# Real coordinate space

In mathematics, the **real coordinate space** of dimension n, denoted **R**^{n} (/ɑːrˈɛn/ *ar-EN*) or , is the set of the n-tuples of real numbers, that is the set of all sequences of n real numbers. With component-wise addition and scalar multiplication, it is a real vector space, and its elements are called coordinate vectors.

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The coordinates over any basis of the elements of a real vector space form a *real coordinate space* of the same dimension as that of the vector space. Similarly, the Cartesian coordinates of the points of a Euclidean space of dimension n form a *real coordinate space* of dimension n.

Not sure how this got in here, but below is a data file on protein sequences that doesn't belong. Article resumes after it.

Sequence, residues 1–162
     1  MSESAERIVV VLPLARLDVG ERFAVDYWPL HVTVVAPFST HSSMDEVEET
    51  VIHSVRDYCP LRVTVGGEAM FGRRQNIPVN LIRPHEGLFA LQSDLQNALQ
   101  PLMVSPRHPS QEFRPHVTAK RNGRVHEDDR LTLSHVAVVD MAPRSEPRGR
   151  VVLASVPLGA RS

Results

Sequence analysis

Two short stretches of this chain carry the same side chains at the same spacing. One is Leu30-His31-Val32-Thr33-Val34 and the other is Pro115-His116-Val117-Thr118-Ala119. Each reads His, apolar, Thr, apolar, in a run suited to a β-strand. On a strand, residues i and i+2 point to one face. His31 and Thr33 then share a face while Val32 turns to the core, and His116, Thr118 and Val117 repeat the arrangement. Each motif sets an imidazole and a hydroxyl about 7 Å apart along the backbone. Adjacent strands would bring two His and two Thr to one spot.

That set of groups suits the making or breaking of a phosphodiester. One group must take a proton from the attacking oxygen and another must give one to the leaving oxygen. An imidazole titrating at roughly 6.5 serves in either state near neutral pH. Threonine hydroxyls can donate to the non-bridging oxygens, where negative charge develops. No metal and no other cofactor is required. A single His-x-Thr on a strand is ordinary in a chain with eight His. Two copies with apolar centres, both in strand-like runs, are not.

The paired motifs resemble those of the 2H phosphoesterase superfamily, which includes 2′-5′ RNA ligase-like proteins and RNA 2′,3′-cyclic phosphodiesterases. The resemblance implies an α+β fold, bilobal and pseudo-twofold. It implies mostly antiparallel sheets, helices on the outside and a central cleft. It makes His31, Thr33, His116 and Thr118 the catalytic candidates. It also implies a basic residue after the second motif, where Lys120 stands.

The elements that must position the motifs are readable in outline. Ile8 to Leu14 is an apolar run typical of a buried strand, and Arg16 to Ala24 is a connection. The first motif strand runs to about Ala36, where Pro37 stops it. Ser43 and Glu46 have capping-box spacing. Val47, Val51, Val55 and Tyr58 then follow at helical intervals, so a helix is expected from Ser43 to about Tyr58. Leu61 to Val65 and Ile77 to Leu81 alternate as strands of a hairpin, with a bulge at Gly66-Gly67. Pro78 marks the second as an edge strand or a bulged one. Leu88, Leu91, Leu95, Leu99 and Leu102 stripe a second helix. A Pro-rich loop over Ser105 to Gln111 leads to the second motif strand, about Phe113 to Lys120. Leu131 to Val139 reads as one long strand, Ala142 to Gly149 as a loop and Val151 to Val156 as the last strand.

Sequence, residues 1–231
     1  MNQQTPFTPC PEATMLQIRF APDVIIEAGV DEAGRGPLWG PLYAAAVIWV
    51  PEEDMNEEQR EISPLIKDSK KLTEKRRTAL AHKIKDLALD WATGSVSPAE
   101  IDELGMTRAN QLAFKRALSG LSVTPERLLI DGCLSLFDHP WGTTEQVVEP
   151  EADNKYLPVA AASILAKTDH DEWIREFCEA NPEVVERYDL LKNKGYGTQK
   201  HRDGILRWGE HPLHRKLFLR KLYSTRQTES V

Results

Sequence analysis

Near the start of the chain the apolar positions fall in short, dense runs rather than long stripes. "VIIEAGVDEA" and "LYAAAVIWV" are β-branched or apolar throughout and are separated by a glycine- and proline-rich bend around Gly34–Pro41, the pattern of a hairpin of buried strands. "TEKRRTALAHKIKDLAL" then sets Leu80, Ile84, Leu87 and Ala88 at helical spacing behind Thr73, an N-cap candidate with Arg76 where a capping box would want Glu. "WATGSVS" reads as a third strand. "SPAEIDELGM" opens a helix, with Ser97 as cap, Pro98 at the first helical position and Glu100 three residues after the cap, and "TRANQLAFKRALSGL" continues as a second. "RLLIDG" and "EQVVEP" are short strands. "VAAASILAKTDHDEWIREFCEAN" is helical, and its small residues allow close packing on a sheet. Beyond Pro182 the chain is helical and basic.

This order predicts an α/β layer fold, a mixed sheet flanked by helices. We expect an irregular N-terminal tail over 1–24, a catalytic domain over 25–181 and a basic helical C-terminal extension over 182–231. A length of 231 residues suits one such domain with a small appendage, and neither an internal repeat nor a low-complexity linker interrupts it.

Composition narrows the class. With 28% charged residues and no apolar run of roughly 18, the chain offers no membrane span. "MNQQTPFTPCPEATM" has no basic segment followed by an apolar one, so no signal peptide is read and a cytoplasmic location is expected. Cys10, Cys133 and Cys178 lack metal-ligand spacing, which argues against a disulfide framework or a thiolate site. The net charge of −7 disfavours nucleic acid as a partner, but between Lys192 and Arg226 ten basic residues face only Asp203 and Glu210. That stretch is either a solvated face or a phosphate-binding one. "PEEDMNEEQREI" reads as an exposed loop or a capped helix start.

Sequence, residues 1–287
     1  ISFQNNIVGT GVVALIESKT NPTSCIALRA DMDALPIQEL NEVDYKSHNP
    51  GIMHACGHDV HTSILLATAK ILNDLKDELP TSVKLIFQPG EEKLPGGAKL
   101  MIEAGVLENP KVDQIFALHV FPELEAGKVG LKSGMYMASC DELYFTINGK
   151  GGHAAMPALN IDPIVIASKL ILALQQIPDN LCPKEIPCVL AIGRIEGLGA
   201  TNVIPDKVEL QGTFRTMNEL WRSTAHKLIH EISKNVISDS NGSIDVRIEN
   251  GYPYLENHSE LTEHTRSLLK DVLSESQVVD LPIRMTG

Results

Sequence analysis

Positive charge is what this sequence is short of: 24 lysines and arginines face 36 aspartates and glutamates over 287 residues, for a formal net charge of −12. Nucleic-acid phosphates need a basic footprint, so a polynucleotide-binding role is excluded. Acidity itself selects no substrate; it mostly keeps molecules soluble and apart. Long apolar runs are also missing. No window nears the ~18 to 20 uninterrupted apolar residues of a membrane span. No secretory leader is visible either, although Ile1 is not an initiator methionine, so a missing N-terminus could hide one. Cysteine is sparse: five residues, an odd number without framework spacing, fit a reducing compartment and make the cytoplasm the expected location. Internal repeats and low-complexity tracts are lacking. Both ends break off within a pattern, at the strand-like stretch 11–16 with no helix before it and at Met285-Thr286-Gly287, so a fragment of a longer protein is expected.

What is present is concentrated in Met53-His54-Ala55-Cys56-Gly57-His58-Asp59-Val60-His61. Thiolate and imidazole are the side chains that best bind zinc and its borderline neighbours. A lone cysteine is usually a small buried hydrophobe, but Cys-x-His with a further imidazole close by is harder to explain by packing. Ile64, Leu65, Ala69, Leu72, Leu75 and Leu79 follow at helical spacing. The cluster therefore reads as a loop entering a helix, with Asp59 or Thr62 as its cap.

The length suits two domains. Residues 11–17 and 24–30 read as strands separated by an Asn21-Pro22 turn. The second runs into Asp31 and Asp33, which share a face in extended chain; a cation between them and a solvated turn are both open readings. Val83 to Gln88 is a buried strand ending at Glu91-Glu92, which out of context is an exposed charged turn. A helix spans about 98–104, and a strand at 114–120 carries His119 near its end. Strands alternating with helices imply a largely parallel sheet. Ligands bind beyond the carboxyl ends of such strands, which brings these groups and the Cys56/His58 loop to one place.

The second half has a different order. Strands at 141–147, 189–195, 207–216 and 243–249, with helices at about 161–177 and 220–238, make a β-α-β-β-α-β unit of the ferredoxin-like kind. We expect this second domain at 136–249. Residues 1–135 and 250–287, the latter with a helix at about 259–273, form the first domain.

These one to one correspondences between vectors, points and coordinate vectors explain the names of *coordinate space* and *coordinate vector*. It allows using geometric terms and methods for studying real coordinate spaces, and, conversely, to use methods of calculus in geometry. This approach of geometry was introduced by René Descartes in the 17th century. It is widely used, as it allows locating points in Euclidean spaces, and computing with them.